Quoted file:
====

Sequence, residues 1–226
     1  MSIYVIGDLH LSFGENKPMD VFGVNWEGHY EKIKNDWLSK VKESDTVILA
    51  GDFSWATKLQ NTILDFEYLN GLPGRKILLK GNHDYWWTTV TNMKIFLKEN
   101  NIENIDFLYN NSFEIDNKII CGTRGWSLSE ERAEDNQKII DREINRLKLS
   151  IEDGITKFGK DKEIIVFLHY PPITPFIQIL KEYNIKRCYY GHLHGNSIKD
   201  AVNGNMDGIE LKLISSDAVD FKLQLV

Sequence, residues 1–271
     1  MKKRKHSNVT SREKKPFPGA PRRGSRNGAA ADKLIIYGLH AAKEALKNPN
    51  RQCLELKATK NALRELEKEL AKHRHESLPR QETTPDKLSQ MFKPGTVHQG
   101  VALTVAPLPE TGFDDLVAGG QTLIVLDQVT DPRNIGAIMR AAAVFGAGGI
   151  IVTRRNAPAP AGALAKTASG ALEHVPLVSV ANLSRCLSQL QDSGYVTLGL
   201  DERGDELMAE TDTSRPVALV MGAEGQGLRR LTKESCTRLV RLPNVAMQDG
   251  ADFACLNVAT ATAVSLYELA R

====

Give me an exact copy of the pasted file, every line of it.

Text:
Sequence, residues 1–226
     1  MSIYVIGDLH LSFGENKPMD VFGVNWEGHY EKIKNDWLSK VKESDTVILA
    51  GDFSWATKLQ NTILDFEYLN GLPGRKILLK GNHDYWWTTV TNMKIFLKEN
   101  NIENIDFLYN NSFEIDNKII CGTRGWSLSE ERAEDNQKII DREINRLKLS
   151  IEDGITKFGK DKEIIVFLHY PPITPFIQIL KEYNIKRCYY GHLHGNSIKD
   201  AVNGNMDGIE LKLISSDAVD FKLQLV

Sequence, residues 1–271
     1  MKKRKHSNVT SREKKPFPGA PRRGSRNGAA ADKLIIYGLH AAKEALKNPN
    51  RQCLELKATK NALRELEKEL AKHRHESLPR QETTPDKLSQ MFKPGTVHQG
   101  VALTVAPLPE TGFDDLVAGG QTLIVLDQVT DPRNIGAIMR AAAVFGAGGI
   151  IVTRRNAPAP AGALAKTASG ALEHVPLVSV ANLSRCLSQL QDSGYVTLGL
   201  DERGDELMAE TDTSRPVALV MGAEGQGLRR LTKESCTRLV RLPNVAMQDG
   251  ADFACLNVAT ATAVSLYELA R